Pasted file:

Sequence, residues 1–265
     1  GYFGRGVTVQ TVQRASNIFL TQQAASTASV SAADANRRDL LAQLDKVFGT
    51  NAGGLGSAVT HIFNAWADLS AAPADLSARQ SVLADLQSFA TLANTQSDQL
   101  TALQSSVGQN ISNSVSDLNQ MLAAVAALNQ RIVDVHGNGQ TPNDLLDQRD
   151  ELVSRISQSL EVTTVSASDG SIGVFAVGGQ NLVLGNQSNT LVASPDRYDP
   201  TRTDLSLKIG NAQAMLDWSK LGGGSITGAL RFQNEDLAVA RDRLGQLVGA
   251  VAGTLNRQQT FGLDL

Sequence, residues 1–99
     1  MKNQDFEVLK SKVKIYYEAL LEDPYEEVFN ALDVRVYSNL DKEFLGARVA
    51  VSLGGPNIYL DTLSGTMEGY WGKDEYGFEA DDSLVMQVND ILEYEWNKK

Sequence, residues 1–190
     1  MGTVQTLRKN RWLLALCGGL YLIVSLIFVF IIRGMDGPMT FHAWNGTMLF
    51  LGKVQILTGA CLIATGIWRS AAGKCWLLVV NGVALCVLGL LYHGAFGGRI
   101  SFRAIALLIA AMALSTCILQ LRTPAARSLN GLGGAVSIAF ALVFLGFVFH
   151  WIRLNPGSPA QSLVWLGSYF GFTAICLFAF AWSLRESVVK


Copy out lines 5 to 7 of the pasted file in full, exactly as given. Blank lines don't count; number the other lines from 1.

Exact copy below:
   151  ELVSRISQSL EVTTVSASDG SIGVFAVGGQ NLVLGNQSNT LVASPDRYDP
   201  TRTDLSLKIG NAQAMLDWSK LGGGSITGAL RFQNEDLAVA RDRLGQLVGA
   251  VAGTLNRQQT FGLDL